Word Play: Was Kurt Vonnegut Right to Hate Semicolons?

Word Play is a series for the Grammar Police, former English Majors, Word Nerds, pedants and people who are curious about the evolution of language, grammar, standardization, style, and prose. Red ink may bleed on semicolons.

Oh, the semicolon; it’s universally loved and despised all at once.

The use of the semicolon in modern day—whether it is used in academia, journalism, everyday writing—is hotly debated for us Word Nerds. The semicolon’s primary function in modern English boils down to three uses:

  1. To connect two or more independent clauses that are closely related in a sentence. Using a comma would produce a run on sentence, which is a no-no.
  2. To use it as a super-comma when separating items in a list; it is mainly used to clarify the sentence. “While traveling for a great place to eat, my favorite places were Paris, France; Tokyo, Japan; and Copenhagen, Denmark.”
  3. To sit before conjunctive adverbs like “however” and “therefore.”

These are clearly defined uses yet semicolons are arguably on the way out as people use them less and less. As our writing becomes shorter and shorter thanks to Twitter, PowerPoint presentations and text messaging, will we have the need to use a semicolon to separate our independent thoughts into one giant sentence?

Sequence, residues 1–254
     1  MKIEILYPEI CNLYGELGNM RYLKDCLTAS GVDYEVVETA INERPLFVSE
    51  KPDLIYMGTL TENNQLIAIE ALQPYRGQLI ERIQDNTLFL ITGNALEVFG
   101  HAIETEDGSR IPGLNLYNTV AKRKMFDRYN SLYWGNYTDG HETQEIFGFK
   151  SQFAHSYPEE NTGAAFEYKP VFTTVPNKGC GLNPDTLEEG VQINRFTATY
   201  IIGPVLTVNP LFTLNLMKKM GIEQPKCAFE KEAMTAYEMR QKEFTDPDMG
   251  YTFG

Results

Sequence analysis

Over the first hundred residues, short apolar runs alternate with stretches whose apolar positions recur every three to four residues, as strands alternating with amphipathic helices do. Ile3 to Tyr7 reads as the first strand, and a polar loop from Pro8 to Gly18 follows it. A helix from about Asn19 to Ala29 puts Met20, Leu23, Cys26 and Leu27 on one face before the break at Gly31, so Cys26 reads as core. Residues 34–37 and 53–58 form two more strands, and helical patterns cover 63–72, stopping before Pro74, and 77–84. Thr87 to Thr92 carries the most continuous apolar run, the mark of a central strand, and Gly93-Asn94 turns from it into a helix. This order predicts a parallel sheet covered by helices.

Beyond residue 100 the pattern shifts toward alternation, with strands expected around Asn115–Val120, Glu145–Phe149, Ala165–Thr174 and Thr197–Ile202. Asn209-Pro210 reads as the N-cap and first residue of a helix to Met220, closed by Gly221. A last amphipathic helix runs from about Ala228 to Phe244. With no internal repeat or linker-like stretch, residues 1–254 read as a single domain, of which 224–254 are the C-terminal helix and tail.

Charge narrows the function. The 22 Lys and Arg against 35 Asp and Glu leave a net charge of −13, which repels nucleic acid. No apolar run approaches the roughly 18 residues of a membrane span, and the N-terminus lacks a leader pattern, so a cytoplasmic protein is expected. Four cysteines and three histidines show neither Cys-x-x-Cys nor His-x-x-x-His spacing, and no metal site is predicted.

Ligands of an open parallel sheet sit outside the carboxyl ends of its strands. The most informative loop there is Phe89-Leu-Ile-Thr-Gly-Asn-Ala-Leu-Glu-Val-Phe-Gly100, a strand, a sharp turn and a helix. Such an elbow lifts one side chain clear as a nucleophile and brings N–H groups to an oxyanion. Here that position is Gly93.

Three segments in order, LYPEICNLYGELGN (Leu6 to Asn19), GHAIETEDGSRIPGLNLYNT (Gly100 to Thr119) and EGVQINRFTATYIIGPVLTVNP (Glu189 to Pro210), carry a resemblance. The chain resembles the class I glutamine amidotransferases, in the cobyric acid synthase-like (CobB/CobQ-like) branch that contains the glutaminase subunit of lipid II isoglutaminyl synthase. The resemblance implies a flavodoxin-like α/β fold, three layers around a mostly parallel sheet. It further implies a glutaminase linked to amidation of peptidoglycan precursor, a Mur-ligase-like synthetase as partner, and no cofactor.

More importantly: Should we still use semicolons?

The Case Against Semicolons Comes from Kurt Vonnegut

As outlined above, the semicolon performs unique and similar functions that other punctuation marks can and cannot do. A semicolon is a tool for those who would like to use it; those people tend to be college-educated. But people still adamantly hate it and refuse it. Why?

Because the hatred of a semicolon all stems from a really, really good quote from none other than the acclaimed author Kurt Vonnegut. In his book A Man Without a Country, Vonnegut writes, “Here is a lesson in creative writing. The first rule: do not use semicolons. They are transvestite hermaphrodites representing absolutely nothing. All they do is show you’ve been to college.”

Of course, semicolon haters (and perhaps the mass public alike) forget that immediately following this famous Vonnegut quote, Vonnegut continues to say, “And I realize some of you may be having trouble deciding whether I am kidding or not. So from now on, I will tell you when I’m kidding.” So is Vonnegut kidding or not? Well, that’s the beauty of Vonnegut. Though in all likelihood, he is not.

It sounds like I’m advocating for semicolons here, but I’d like to remind you that for the most part, semicolons are largely unnecessary. Two independent clauses do not have to be joined by a semicolon. They can be replaced with a period. Using a semicolon before conjunctive adverbs like “however” and “therefore” is also an option. A semicolon can also be replaced with a period. The semicolon’s super-comma function can also be replaced with careful rephrasing and the use of parenthetical or em dashes (but it’s probably easier to just use a semicolon).